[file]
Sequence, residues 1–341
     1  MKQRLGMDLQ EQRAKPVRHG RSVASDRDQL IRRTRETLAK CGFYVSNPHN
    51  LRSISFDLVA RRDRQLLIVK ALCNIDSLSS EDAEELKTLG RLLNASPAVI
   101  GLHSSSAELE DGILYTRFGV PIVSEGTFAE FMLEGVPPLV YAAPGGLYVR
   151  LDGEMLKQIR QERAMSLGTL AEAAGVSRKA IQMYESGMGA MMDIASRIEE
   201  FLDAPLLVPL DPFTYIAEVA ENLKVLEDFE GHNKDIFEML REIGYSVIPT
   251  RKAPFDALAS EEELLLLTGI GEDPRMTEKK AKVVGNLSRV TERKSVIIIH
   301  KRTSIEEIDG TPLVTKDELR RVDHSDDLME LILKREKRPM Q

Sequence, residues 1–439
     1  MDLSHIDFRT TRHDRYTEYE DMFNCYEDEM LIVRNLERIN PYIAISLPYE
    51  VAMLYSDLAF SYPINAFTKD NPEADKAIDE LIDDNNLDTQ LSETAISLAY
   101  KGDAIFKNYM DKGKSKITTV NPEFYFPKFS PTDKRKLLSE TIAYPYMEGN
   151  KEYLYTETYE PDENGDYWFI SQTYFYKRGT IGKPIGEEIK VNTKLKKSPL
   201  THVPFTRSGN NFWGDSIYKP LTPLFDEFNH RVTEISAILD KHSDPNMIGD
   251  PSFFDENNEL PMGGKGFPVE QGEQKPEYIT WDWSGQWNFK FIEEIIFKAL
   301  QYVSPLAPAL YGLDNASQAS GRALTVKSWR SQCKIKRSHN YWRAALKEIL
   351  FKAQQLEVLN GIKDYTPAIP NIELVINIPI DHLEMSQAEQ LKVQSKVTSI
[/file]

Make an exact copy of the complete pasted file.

Sequence, residues 1–341
     1  MKQRLGMDLQ EQRAKPVRHG RSVASDRDQL IRRTRETLAK CGFYVSNPHN
    51  LRSISFDLVA RRDRQLLIVK ALCNIDSLSS EDAEELKTLG RLLNASPAVI
   101  GLHSSSAELE DGILYTRFGV PIVSEGTFAE FMLEGVPPLV YAAPGGLYVR
   151  LDGEMLKQIR QERAMSLGTL AEAAGVSRKA IQMYESGMGA MMDIASRIEE
   201  FLDAPLLVPL DPFTYIAEVA ENLKVLEDFE GHNKDIFEML REIGYSVIPT
   251  RKAPFDALAS EEELLLLTGI GEDPRMTEKK AKVVGNLSRV TERKSVIIIH
   301  KRTSIEEIDG TPLVTKDELR RVDHSDDLME LILKREKRPM Q

Sequence, residues 1–439
     1  MDLSHIDFRT TRHDRYTEYE DMFNCYEDEM LIVRNLERIN PYIAISLPYE
    51  VAMLYSDLAF SYPINAFTKD NPEADKAIDE LIDDNNLDTQ LSETAISLAY
   101  KGDAIFKNYM DKGKSKITTV NPEFYFPKFS PTDKRKLLSE TIAYPYMEGN
   151  KEYLYTETYE PDENGDYWFI SQTYFYKRGT IGKPIGEEIK VNTKLKKSPL
   201  THVPFTRSGN NFWGDSIYKP LTPLFDEFNH RVTEISAILD KHSDPNMIGD
   251  PSFFDENNEL PMGGKGFPVE QGEQKPEYIT WDWSGQWNFK FIEEIIFKAL
   301  QYVSPLAPAL YGLDNASQAS GRALTVKSWR SQCKIKRSHN YWRAALKEIL
   351  FKAQQLEVLN GIKDYTPAIP NIELVINIPI DHLEMSQAEQ LKVQSKVTSI